Maine Survival Part II
Maine is a state with vast and diverse wildland.
That’s why it is important to have a basic understanding of survival should you find yourself lost.
Michael Douglas is the founder of the Maine Primitive Skills School in Augusta. For years, he has been teaching people survival skills from the basic to the advanced. He says venturing out into nature with a plan is the first key.
“People get so caught up in the fun and the beauty of nature that they tend to forget to respect nature. The out of doors is unforgiving."
"Primitive navigation, as well as GPS, as well as learning how to use a map and compass, having a trip planned before you leave so people know you're out there and when you're supposed to come back and the route you're taking, all of these things are essential in that aspect of awareness."
Douglas says varying temperatures and weather make finding a location imperative to both surviving and being rescued.
"Once we find a place to sit and wait to be rescued, it should have lots of leaf litter, high and dry, southern exposure, ideally a place that is as close to where you think the trail is but also has a great expanse of sky so that you can hear not just airplanes, but traffic."
Shelter is one thing stressed by Douglas at the school. He says the ability to maintain body heat and stay off cold surfaces is a primary concern for anyone in the wilderness.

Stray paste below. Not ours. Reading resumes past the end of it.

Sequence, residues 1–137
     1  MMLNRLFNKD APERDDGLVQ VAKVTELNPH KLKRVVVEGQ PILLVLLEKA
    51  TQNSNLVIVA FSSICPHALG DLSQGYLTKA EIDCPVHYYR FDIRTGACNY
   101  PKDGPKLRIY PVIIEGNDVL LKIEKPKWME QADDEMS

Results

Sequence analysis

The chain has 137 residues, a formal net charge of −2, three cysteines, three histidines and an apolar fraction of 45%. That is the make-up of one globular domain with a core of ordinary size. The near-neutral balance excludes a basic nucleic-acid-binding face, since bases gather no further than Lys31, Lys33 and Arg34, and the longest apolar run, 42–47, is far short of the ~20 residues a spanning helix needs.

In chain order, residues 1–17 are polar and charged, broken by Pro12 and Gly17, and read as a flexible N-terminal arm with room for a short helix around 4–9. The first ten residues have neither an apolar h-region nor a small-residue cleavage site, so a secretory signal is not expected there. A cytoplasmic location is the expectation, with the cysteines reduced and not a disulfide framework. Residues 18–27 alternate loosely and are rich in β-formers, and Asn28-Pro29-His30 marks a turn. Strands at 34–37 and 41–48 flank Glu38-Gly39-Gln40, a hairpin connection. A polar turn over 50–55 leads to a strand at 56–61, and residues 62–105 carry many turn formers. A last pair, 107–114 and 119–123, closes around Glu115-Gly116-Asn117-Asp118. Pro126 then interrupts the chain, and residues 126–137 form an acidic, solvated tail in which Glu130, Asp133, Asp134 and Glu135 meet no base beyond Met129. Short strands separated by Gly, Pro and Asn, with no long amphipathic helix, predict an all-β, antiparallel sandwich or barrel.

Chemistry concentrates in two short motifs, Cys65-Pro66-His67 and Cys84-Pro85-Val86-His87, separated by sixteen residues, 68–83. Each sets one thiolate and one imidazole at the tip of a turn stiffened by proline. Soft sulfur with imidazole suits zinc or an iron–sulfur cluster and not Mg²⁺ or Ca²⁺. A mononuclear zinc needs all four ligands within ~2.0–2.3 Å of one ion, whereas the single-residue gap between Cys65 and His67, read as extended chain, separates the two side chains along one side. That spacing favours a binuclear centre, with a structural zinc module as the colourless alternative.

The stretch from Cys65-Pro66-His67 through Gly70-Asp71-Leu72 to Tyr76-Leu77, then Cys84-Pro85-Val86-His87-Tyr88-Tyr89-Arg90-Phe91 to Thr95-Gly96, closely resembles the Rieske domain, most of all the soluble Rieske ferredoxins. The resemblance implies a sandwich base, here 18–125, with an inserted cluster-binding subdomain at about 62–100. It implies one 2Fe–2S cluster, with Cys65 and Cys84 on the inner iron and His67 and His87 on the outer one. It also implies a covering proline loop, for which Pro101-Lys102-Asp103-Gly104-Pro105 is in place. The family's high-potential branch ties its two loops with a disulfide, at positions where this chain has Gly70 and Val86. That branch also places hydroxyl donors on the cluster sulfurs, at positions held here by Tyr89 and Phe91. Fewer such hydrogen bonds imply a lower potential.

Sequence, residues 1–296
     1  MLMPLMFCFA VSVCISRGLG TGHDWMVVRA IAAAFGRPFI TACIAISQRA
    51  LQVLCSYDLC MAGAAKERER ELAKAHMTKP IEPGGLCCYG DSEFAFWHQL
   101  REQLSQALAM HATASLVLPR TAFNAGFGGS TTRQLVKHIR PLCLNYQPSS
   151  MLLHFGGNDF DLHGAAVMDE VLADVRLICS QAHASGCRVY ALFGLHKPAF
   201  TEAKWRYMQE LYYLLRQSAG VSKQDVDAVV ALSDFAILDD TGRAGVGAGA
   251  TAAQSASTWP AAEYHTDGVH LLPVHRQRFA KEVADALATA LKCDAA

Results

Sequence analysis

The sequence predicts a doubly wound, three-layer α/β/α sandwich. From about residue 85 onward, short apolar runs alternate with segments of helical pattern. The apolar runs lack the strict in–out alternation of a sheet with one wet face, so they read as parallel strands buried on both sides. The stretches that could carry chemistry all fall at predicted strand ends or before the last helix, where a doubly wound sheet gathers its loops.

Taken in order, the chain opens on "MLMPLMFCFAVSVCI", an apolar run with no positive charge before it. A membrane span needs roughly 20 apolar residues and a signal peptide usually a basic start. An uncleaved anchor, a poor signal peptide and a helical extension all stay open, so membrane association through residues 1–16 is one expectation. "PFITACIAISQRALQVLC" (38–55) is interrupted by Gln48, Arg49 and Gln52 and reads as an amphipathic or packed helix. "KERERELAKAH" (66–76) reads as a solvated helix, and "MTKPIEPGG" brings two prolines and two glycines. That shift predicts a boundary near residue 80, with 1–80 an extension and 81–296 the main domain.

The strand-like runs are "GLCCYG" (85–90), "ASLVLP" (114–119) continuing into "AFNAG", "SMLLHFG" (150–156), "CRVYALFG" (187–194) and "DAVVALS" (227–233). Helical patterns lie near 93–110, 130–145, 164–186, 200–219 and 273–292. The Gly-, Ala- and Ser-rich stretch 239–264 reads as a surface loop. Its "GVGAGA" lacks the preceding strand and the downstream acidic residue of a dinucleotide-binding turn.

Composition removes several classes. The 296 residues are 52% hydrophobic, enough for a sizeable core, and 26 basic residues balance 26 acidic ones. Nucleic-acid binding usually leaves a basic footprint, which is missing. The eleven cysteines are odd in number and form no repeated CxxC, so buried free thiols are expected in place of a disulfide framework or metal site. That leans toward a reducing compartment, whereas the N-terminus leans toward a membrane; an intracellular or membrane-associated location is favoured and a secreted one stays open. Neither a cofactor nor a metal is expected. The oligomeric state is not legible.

"Have a quick means of making an adequate shelter. Doesn't have to be a tent or a sleeping bag. It could be two trash bags you stuff with leaves to get yourself off the ground. "
The folks at the school also showed us some of the other basics, like how to build a fire and gather water.
"You can boil water in a paper cup. As long as those flames don't hit that container above the water line, they won't burn it. So boiling water is going to be huge, so we need fire as well."
"Have a knife, have multiple ways to light a fire. If you don't know how to do ferro rods or sparks then get two lighters, or five lighters. Have one in each pocket and two in the backpack."
In terms of wildlife, Douglas says it's rare for a non-rabid animal to approach a human minding their own business.
"The biggest animal to worry about is mosquitoes, black flies, those little biting bugs, because they will drive you mad."
Douglas also recommends completing these tasks at a calming pace rather than trying to accomplish everything at once.
"You're not really just going all out, you're kind of methodically getting things done. You're a craftsman and the craft is maintaining your life until someone comes finds you."
Most of all, keeping a positive attitude and a level head can be the difference while trying to survive.
"The primary approach for anyone, whether they're a POW, or sinking on the Lusitania, or being lost in the woods, or at sea for over a year, is finding what you're most thankful for and holding on to that as the reason for coming home."
To sign up for a class at the school, you can visit primitiveskills.com. The Maine Warden Services also offers up tips when venturing out into the wild. To see those, visit mainegov.